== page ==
Tips To Buying A Car – Newbie Buyers


Tips To Buying A Car

I remember when I bought my first car from a dealership, I was nervous. I had never done this before, I wanted to make sure I got a good deal. I wanted to be confident and not let them take advantage of me. If I had access to some decent information that would walk me through it a bit I would have been more comfortable. So here are a few tips to buying a car that I wish I had! Visit the full article at

Tips to buying a car – specifically 1st time buyers:

Know what you can spend monthly

While this may look similar to #10, your level of indebtedness is different from your monthly commitment. Neither one — for a first-time buyer — should be out of balance in comparison to your other assets (at this point in your life those assets are probably limited to your most recent purchase at H&M). If you’re financing, figure $25/month for every thousand dollars that you borrow for 48 months, and $20/month on 60-month financing. It follows that every $10K borrowed is $250/month for four years, and $200/month for five. Again, this is the base obligation; insurance, fuel and periodic maintenance are above and beyond this.

I thought that was a very helpful tip! This way you can easily figure out what you can afford.

Checkout 51

Establish your transportation needs

We know. Despite our cautionary note, you have short-term enthusiasm UP TO HERE. A MINI Convertible or Fiat Cabriolet may be the car of the moment, but is it going to work for you as a day-in/day-out piece of transportation? Conversely, you may think you need a minivan or pickup for ALL OF YOUR STUFF, but on those occasions when you’re moving to a new apartment or, uh, moving home, you can rent a pickup. Given the cost of fuel, insurance and — in many cities — monthly parking, don’t buy what you don’t need. And perhaps consider renting what you need, only when you need it.

Do your research (it’s never been easier)

In that you’re reading this at one of the foremost websites for car purchasers, online research is also intuitive. There is, at this point, an amazing amount of both information and perspective on new cars and their late-model alternatives. Once you’ve digested it all, balance it with your gut instincts — or those instincts of someone whose gut you trust. And be proactive; if you see someone with a car you have an interest in — and they’re not doing 90 miles per hour — stop and ask them about their ownership experience.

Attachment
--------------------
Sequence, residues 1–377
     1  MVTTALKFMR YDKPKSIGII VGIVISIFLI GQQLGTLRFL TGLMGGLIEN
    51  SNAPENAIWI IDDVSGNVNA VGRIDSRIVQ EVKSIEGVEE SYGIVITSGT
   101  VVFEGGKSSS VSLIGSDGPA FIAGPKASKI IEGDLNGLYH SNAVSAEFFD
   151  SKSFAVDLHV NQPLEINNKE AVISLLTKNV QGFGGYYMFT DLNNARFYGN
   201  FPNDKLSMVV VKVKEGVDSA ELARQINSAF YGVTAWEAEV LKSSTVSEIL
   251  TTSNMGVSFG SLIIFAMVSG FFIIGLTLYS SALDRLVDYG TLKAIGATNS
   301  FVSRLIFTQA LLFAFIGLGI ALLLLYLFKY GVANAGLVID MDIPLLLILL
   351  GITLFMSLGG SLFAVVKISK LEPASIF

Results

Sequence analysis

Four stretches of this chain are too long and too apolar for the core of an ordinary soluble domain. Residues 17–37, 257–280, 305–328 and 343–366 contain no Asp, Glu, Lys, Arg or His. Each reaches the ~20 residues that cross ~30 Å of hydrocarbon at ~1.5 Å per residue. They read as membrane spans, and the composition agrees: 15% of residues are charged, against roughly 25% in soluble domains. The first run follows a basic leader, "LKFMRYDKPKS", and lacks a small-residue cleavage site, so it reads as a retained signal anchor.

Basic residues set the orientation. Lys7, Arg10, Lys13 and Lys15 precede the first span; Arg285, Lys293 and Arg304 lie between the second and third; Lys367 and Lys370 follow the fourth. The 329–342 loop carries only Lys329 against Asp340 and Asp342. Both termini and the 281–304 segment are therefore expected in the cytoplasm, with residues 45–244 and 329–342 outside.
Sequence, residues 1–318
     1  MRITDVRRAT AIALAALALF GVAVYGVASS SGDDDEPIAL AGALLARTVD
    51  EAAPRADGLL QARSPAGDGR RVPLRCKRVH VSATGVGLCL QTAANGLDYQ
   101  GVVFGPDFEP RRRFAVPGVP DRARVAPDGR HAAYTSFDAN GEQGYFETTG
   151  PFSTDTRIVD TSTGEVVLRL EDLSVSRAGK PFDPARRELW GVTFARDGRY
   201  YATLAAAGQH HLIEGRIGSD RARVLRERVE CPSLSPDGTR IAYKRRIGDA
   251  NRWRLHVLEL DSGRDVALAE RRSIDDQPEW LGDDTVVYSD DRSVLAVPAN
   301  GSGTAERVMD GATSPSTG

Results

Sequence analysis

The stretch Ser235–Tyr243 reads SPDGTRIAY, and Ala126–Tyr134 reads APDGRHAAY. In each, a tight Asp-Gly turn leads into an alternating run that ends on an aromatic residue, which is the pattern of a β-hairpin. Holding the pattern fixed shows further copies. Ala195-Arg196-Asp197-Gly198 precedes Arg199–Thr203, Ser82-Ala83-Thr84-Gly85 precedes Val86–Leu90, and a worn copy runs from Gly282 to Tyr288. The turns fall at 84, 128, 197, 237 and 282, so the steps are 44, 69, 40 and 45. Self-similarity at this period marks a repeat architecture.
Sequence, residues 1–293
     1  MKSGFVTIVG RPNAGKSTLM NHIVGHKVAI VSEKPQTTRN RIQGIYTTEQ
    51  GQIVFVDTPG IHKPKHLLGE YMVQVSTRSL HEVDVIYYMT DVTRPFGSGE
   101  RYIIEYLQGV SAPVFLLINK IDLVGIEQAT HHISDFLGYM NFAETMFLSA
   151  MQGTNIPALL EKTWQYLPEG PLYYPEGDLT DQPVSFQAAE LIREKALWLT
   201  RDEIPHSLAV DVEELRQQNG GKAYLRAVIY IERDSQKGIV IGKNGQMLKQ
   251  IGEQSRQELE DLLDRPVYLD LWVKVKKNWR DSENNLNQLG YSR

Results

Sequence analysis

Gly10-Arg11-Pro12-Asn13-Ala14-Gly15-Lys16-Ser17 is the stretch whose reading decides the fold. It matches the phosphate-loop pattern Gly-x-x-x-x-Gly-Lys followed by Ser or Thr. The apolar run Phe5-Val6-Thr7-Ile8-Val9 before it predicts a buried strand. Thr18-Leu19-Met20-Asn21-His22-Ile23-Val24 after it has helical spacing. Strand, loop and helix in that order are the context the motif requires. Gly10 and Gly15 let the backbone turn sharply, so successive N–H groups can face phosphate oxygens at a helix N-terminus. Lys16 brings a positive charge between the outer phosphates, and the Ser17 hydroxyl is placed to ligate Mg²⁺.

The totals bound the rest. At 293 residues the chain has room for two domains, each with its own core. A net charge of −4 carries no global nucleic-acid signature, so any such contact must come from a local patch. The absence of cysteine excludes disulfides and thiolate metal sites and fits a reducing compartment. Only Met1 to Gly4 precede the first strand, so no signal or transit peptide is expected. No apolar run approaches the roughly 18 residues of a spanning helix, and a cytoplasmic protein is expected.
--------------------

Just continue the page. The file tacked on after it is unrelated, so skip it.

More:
Secure financing, or know your options

Financing issues are somewhat like the purchase price; there has been an exponential growth in the number of resources. That, however, is mitigated by your lack of credit history or, in an increasing number of instances, marginal credit history. The last thing you want, however, is to be in a room with an F&I (Finance and Insurance) rep, and he or she is holding all the cards; the deck — if you will — is stacked against you. Better to talk with your credit union, bank or insurance provider (many have the capability and desire to finance your purchase), and line up your financing in advance. You can always go with the dealer option if it’s competitive, but never approach it as if the dealer is the only money game in town.

Determine the proper purchase price

Once you’ve decided what you like — and have already established what you can afford — it’s time to arrive at a purchase price. The Kelley Blue Book Fair Purchase Price gives you an accurate idea of what people have paid in your area for the car you have an interest in. A credit union should also be able to provide you with perspective, and may have a contact on the showroom floor. An important note regarding referrals: Get the referral before taking another salesman’s time for a walkaround and demo. Most of these people work on commission, and commissions are notoriously small. If you plan on working with a referral, start with a referral. Finally, when discussing what you want to pay, don’t reveal a “per month” number; that’s the oldest trick in the book. If you’re thinking you can budget $20K — and you’re looking at a $25K car — tell ’em $20K. You can always work up…while it’s much harder to back up.

Hopefully these tips to buying a car helped you out. Buying a car can be tricky, but armed with solid information your personal finances will thank you and you will have made a great investment. Make sure to share this post!

About the author


I'm here to help change the way people are taught about finances. I have created a place where I look for the best information possible that I believe will significantly benefit my readers. I want this to be beneficial for everyone! Lets change the world together!

Leave a comment:

Leave a comment:

Web Analytics